Great designs are measured by the questions asked before the work.
Congratulations! You have a new project in the pipeline. It may have been a while or it may have been a short amount of time since your last work as a designer, but one thing we all know about design is that you have to understand what is really going on inside the project.
Understanding a project is a vital part of what we do in the design industrial. For us to be able to deliver on a project in a way that addresses it’s specific need and delivers value to it’s audience, you have to be able to ask great questions.
What makes a “great question?”
Well that’s a great question! (Sorry, I had to.) The reason a question is asked is to get valuable information that you otherwise couldn’t obtain, but the quality of that value is determined by how effective that information is. You need to target your questions towards getting an open ended response, not just a binary ‘yes’ or ‘no.’
It is important that you know the distinction between these types so that asking open ended questions for the intent of answering a need becomes second nature to you. There are questions that may seem open ended but are really just filler questions. Those ones like “What do you want for dinner?” or “What is your favorite color?” usually equate to single response answers. (BTW: pizza and forest green #424f42)
The sweet spot is in finding the balance between specific question and open ended. “What are your existing brand assets?” hits that spot by understanding part of your needs as a designer to deliver quality work is to attain the files for the project. What makes this a quality question is that it leaves it open for answers that you may not have been expecting. You’ll only learn to do this by using open ended questions more often; so get to practicing.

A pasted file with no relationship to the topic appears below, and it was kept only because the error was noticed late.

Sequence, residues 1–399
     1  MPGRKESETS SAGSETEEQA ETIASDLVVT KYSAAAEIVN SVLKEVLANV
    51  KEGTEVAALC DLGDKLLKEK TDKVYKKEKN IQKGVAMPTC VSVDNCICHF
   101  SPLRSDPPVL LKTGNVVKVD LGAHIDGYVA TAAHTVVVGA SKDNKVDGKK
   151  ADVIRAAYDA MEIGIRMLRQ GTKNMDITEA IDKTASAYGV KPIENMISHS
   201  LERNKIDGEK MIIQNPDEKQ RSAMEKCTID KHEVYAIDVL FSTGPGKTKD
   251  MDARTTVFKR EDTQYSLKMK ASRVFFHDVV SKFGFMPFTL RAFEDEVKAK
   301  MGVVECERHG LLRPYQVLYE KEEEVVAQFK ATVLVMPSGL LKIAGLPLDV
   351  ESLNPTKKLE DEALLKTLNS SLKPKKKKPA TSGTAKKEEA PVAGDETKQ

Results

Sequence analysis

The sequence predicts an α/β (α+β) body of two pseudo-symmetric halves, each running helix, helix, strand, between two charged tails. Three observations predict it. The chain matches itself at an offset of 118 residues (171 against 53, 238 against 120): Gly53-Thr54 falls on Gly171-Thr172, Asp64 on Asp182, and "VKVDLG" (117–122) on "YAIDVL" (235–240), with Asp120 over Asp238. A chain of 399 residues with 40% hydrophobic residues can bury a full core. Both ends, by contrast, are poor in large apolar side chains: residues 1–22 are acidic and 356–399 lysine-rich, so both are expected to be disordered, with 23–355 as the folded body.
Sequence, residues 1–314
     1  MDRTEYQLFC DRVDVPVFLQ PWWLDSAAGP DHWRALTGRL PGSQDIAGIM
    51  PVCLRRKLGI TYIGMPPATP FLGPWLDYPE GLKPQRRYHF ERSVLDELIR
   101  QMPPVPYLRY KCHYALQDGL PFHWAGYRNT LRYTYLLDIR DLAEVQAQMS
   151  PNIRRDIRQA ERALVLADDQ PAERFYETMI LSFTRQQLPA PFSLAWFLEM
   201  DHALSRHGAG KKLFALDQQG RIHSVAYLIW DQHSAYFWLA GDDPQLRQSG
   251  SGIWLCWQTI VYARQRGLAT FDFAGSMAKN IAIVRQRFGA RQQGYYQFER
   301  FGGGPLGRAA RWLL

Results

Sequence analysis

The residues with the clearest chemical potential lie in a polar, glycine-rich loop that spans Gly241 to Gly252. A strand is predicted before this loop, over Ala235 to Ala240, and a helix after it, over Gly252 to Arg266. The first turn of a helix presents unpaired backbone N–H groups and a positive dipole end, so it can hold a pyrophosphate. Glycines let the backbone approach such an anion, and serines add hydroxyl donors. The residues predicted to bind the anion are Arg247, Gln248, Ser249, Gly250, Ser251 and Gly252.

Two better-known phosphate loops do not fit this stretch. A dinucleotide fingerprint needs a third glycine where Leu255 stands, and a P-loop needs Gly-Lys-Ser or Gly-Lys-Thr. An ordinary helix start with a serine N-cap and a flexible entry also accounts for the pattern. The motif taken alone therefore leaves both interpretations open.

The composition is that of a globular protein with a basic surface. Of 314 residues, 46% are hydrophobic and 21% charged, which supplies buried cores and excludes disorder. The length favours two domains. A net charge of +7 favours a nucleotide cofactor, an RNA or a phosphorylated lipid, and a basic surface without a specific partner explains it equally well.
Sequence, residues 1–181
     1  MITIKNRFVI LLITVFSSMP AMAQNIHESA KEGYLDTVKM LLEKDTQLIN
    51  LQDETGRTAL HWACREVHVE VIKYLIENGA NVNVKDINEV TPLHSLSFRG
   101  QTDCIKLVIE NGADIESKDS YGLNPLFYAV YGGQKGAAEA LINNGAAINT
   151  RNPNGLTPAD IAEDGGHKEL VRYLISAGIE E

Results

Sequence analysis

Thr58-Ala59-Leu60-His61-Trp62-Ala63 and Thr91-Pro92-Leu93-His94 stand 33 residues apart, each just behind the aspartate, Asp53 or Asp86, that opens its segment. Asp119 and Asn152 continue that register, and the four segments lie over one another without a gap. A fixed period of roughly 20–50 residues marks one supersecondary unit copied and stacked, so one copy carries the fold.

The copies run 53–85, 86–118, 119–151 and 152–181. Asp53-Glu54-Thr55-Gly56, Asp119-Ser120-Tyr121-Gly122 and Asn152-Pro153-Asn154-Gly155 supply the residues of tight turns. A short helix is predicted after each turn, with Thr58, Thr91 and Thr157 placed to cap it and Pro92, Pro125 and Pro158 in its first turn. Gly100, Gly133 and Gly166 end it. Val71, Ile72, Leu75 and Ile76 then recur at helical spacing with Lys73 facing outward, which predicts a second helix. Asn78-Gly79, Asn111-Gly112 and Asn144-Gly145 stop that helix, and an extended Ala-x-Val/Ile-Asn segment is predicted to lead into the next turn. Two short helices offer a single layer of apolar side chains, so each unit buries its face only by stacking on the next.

What are you trying to solve?
When starting to ask questions, you need to be writing the answers down. So grab your favorite pen and sit down somewhere and ask people anything. Your goal is to get to the heart of the issue as quick as possible. A cheap but effective question that does this is the only broad open ended question you should really ask is “why?”
I hear this often on the seanwes network
“How to get to the core of something: ask why until the answer stops changing.”
You can use this when you feel like your information that you receive from a question doesn’t solve what you need to. If someone is saying “I need a website for my business” you can ask why until you get to the underlying reason. Maybe they need a website because all the foot traffic for that business has gone down because everyone is ordering online now… you never know until you ask.
Don’t ‘ask questions’ for the sake of asking them.
Open communication will lead to a successful design. But you want to be sure that you’re being efficient and direct with the questions you ask. If your goal is to increase the conversion of online shoppers, asking “what fish do you usually catch during the summer” is not an efficient way of getting that answer. You have to understand your goal to understand which questions to continue with.
I’m not saying that fish question won’t help you understand the person you’re working for and their preference at all. But if your client’s target audience has issues with fishing or harming animals of any kind, having a spot for the client’s fishing habit is actually going to work against the effectiveness of the design. Also answering questions is taxing on the attention span of your client and your audience, so having things streamlined will lean towards improving the quality of your overall answers.
As you tally down your list of questions, understand that it’s okay to ask more about the project as you go along. Remember that list of questions is going to change as you figure out what works and what doesn’t.
What questions have worked for you (or not worked for you) in the past?
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Darian Rosebrook is the Design Lead over at keyspark.io His creative eye is driving us forward as an ever-growing, ever-improving brand.